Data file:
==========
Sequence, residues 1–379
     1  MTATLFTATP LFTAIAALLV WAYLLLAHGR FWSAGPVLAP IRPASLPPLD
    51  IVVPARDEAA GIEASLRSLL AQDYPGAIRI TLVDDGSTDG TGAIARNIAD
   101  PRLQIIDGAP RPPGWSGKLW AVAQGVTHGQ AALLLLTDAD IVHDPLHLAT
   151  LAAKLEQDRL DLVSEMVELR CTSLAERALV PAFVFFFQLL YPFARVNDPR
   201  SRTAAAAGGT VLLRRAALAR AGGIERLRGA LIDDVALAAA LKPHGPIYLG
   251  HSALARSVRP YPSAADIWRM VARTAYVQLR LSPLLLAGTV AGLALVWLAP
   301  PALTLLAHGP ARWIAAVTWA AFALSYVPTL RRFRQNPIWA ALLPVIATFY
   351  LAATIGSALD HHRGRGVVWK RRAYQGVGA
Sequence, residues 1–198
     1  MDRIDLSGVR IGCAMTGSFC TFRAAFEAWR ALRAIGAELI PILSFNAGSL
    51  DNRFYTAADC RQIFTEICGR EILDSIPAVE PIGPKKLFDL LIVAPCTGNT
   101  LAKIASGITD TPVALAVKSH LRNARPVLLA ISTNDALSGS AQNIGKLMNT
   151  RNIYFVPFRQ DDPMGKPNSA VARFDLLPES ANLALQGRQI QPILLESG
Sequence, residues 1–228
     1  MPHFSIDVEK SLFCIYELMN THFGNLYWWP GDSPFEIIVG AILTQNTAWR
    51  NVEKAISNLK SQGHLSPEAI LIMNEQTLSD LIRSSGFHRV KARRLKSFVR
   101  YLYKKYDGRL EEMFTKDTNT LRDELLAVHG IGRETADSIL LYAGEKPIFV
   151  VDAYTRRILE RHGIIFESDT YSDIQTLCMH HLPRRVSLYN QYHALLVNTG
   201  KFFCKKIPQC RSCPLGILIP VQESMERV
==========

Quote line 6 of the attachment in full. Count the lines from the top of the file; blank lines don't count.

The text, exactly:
   201  SRTAAAAGGT VLLRRAALAR AGGIERLRGA LIDDVALAAA LKPHGPIYLG